Last night in Liverpool, England, it was reported that several street signs were vandalized as word began to spread that Penny Lane may have been named after a slave trader named James Penny.
Although, as of right now, this has not been proven, it leaves the future of this street name, made famous by The Beatles‘ iconic song of the same title, in limbo.
Penny Lane street signs were vandalized – including one signed by Sir Paul McCartney
It is being reported in Liverpool, England, that on June 12, 2020, Penny Lane street signs were vandalized. The word “Penny,” in particular was blacked out with markers.
It appears that a possible connection has been unearthed tying the Penny Lane road signs to a man by the name of James Penny who may have been a slave merchant.
A city tour guide, Jackie Spencer, told the BBC yesterday, “”We’ve researched it and it has nothing to do with slavery. James Penny was a slave trader, but he had nothing to do with the Penny Lane area.”
Is Penny Lane named after a slave trader?
Earlier this week, English historian Laurence Westgaph criticized the Liverpool City Council for “not doing enough” to highlight the city’s ties to slavery.
Liverpool is a maritime city in northwest England. Located at the point where the Mersey River meets the Irish Sea, it was an essential trade port from the 18th century to the early 20th century.
Westgaph told the BBC this week, “The public realm is the best classroom. People should have to engage with this history, whether they like it or not. Lots choose not to be confronted [and] a lot don’t engage with the slavery museum.”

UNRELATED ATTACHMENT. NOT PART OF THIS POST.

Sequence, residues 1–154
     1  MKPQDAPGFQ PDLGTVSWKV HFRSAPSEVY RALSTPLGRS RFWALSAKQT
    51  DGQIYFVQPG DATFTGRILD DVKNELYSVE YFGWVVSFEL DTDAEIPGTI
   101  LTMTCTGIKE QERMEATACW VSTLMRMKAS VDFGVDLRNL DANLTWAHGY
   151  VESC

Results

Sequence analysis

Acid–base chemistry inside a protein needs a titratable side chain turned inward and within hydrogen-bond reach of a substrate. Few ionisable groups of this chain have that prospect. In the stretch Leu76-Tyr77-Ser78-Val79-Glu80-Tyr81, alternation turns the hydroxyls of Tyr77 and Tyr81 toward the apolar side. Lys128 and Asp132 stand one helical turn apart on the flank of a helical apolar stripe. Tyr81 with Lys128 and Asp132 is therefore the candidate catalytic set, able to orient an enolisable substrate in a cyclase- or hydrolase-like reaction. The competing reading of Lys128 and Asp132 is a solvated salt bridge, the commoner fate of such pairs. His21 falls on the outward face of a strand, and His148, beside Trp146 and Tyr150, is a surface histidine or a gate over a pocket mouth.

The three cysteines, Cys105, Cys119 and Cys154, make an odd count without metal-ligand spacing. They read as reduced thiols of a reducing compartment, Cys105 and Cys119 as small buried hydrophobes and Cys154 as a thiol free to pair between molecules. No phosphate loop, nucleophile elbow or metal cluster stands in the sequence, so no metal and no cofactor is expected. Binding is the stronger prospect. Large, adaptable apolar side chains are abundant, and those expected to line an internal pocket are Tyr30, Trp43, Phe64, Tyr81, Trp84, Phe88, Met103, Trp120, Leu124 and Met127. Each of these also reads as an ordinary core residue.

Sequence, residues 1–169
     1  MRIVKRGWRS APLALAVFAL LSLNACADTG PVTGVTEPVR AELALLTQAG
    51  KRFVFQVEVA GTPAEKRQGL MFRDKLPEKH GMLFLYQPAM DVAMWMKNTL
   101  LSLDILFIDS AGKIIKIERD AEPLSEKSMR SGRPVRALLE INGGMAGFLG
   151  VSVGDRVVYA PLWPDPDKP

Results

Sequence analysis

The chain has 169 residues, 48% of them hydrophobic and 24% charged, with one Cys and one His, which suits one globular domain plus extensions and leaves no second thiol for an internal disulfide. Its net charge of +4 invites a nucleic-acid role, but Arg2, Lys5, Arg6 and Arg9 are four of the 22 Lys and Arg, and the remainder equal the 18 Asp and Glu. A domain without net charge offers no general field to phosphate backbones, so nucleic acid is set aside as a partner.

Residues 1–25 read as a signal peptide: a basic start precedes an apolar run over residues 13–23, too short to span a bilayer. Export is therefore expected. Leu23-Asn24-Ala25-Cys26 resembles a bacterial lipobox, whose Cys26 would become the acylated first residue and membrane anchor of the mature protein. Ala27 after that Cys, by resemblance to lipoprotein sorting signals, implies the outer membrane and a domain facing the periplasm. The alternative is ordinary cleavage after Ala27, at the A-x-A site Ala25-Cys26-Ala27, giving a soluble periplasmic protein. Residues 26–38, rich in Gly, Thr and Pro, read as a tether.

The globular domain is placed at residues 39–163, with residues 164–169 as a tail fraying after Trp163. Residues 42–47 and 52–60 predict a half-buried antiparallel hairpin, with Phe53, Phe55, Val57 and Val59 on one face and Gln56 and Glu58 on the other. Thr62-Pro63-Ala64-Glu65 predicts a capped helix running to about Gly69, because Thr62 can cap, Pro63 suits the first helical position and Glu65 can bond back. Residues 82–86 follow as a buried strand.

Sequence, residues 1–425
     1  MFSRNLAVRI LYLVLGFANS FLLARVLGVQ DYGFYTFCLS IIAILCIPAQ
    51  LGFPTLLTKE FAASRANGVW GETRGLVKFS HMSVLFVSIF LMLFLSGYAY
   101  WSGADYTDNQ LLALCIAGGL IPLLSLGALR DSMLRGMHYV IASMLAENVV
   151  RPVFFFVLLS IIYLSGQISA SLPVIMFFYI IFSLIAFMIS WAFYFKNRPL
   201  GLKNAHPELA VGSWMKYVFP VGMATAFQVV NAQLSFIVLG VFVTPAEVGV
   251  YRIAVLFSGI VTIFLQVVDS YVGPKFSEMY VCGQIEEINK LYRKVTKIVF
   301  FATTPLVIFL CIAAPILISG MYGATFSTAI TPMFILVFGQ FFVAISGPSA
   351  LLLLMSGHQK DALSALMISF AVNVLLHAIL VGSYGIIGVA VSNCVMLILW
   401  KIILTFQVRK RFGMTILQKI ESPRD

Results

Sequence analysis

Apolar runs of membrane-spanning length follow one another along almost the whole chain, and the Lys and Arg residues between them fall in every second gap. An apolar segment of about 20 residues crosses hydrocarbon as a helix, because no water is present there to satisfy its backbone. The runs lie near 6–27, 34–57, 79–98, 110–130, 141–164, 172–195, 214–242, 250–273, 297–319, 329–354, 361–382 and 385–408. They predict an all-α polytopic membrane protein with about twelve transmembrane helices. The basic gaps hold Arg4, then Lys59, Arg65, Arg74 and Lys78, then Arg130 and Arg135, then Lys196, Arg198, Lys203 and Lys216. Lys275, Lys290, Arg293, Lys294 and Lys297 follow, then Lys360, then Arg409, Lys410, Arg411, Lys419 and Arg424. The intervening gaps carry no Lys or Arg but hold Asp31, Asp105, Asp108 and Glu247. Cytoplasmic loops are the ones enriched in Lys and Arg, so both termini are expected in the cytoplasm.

Protests have been taking place throughout Europe supporting the Black Lives Matter movement, following the death of George Floyd in May 2020.
Liverpool mayor Joe Anderson is adamant that the street is not named after James Penny. On his Twitter account, the official stated, “I don’t think [James Penny] had any links with that area which was not a wealthy area at that time, he was wealthy and would be more likely to have lived in City centre and I would have thought that a street name there would have been were we were most likely to see a road sign #myopinion.”
Twitter users respond to the possibility of Penny Lane’s name change
As can be expected, the locals in the Penny Lane area of Liverpool aren’t keen on changing the name of a street as beloved as this one.
One Twitter user spoke out at the city mayor’s lack of information on the origin of the road’s name. “How can you be Mayor of Liverpool if you don’t know the history of your own City?”
Another frustrated tweet said, “This is all feeling like an excuse for a riot now. Will they be tearing down the [Liverpool] Museum of Slavery next? You can’t change history; you can only change going forward so work on that. This sign is from a Beatles song.”
“If only Sgt Pepper had been on duty,” another tweet joked.
What’s no joke to many is the fate of this historic street. We’ll have to wait and see what is determined about the street name’s origins and if this iconic area that inspired The Beatles will be no more.